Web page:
Letters to the Editor

Letters to the editor on freeloaders, abortion, GOP hypocrisy, Obamacare, slots at dog track, school bus drivers, comics

Who are the real freeloaders?

Working at a local food bank warehouse last week, I heard the radio playing the same ad I had been seeing and hearing all week. It was about how Obamacare is hurting the American people.

As I put a jar of peanut butter into each sack going by on the conveyor, I reflected on the philosophy of the Koch brothers. By providing entitlements such as subsidized medical care and food stamps, we supposedly are hurting the very people we think we are helping. We are encouraging them not to work and telling them it is OK to live on the dole.

When I finished my shift, I saw the people lined up, waiting for a sack of groceries. I wondered: Who are the freeloaders? Are some more deserving than others?

The Koch bothers inherited a lot of money. With that much wealth to start with, is it really that difficult to get richer the way the rules are written? They have plenty of people working hard to help them in hopes of picking up the crumbs that fall from the table. Meanwhile, they can be free to exercise power and influence, free to decide what are the interests and the needs of the powerless.

The favored few are devoting more and more time and money trying to get us to keep on believing. If enough of us believe the system is good and just, the wealthy can continue to exercise the power while the rest worry about who among us is freeloading.


North Newton

Not extremist

What’s so bad about restricting abortions?

Through the media, one would think pro-lifers are extremists for trying to place restrictions on abortion. But what are these “restrictive laws” that have passed in recent years in Kansas, some of which remain enjoined because of abortion industry lawsuits? Here are the highlights:

Requiring doctors to have hospital privileges within 30 miles of an abortion clinic. Requiring parents to be notified and to consent before a surgical abortion can be performed on their minor daughter. Requiring doctors to explain the procedure and the complications associated with abortion. Restricting abortions after the fetus can feel pain. Eliminating taxpayer-funded abortions. Requiring abortion facilities to be as clean as other surgical centers. Requiring abortionists to show the sonogram to the woman if she asks to see it. Prohibiting sex-selection abortions.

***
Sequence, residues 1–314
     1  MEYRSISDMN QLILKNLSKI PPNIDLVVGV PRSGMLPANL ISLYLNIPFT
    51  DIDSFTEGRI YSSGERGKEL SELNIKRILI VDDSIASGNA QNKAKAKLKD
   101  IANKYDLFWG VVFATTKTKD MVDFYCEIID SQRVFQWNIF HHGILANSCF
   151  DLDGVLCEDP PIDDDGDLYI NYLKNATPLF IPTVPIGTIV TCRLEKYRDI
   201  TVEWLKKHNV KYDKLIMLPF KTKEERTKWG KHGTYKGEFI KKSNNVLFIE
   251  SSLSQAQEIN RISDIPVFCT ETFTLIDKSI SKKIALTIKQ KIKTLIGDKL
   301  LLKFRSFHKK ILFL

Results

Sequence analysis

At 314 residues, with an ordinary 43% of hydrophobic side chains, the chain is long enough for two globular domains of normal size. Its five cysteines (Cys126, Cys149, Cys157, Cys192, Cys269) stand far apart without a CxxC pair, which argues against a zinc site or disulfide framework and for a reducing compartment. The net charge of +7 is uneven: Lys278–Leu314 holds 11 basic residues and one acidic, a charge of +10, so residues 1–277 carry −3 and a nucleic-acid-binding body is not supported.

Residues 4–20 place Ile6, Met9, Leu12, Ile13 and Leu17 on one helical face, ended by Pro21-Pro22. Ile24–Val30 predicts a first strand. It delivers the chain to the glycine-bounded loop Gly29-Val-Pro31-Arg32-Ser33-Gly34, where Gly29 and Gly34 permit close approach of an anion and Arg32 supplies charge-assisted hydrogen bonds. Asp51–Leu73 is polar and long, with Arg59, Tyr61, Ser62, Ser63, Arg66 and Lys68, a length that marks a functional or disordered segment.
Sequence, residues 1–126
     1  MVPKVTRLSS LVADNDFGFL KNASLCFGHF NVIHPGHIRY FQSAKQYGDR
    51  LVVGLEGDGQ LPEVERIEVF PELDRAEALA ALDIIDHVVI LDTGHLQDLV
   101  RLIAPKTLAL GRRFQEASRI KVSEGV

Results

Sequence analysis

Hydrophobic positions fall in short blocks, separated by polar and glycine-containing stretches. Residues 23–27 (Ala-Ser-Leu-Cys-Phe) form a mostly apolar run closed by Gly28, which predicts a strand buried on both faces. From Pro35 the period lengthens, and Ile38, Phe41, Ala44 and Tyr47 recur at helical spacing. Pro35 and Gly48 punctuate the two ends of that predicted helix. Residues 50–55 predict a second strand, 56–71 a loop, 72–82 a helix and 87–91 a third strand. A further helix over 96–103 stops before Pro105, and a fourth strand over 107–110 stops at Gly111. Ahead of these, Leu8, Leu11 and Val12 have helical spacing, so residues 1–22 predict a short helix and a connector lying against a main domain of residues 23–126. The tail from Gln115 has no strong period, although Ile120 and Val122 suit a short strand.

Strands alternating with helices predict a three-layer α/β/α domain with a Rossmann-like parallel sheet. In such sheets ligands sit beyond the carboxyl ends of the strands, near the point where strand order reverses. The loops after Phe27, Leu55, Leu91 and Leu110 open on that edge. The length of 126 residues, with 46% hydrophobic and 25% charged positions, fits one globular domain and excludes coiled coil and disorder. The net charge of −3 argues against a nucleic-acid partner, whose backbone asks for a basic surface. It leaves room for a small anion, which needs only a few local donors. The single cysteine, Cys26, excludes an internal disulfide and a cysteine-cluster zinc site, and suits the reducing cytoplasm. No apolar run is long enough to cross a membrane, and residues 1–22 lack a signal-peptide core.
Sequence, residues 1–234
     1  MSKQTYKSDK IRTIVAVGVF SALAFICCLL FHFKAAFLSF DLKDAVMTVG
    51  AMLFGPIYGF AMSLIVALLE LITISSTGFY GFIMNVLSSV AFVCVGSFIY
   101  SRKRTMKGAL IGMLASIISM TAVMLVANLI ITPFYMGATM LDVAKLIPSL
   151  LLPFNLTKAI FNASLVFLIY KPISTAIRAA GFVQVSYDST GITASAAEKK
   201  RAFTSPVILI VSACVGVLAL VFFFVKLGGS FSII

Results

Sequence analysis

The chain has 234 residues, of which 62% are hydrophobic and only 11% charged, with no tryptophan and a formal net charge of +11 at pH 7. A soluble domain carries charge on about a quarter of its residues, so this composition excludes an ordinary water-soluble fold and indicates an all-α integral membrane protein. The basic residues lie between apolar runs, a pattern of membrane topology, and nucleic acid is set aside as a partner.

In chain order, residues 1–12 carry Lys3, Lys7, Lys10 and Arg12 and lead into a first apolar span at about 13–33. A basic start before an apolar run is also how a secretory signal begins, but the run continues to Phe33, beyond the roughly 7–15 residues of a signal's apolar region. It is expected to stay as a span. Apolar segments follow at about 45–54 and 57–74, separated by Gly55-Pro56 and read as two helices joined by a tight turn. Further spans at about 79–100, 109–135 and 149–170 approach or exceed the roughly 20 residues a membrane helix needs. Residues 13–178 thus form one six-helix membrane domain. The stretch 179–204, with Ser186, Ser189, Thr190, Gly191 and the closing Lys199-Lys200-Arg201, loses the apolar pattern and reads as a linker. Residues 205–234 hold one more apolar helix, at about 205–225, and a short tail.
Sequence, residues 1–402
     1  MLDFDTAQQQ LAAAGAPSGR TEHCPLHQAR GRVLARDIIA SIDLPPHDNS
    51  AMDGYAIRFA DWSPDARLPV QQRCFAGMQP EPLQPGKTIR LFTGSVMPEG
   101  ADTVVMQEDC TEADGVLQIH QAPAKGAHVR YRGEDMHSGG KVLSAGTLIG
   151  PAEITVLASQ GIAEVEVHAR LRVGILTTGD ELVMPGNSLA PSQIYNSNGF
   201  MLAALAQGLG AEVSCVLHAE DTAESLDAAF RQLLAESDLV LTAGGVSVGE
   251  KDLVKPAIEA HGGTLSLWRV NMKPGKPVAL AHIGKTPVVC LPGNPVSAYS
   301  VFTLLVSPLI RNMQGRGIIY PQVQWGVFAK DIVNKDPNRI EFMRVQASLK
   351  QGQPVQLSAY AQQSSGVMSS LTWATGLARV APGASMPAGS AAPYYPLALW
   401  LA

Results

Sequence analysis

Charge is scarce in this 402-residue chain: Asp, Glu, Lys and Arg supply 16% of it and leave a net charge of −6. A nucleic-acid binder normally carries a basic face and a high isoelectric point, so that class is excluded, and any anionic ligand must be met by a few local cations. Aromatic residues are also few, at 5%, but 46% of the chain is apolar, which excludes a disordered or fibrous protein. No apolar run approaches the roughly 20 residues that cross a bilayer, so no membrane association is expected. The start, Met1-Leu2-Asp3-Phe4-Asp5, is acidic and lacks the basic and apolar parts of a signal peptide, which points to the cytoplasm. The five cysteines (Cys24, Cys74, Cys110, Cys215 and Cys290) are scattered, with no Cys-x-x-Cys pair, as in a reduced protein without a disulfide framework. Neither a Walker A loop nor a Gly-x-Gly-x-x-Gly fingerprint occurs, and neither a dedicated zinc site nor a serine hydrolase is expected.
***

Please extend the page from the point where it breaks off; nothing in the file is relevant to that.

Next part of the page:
These laws came about because the abortion industry did not naturally abide by them, despite its claim to have made abortion legal in order to make it “safe.” Clinics run by abortion doctors Kermit Gosnell in Philadelphia and Krishna Rajanna in Kansas City, Kan., have exposed the underbelly of the abortion industry.


State development director

Kansans for Life


GOP hypocrisy

It is hard to believe we’re already past the midpoint of January and already the “small government” cabal in Congress is wallowing in its own hypocrisy.

One House Republican wants to put his “small government” philosophy to work by injecting that big, bad federal government even further into women’s health care by seeking to use IRS audits of tax returns of women already victimized by rape should they claim the costs of an abortion as a tax deduction. He apparently wants to make sure they get further abuse.

And don’t forget about states like Kansas, where “small government” Republicans annually work to further inject their white, male, religiously driven propensities into complicating women’s reproductive health by interfering with free enterprise with roadblocks for women who want their health insurance to cover the possibility of a necessary abortion.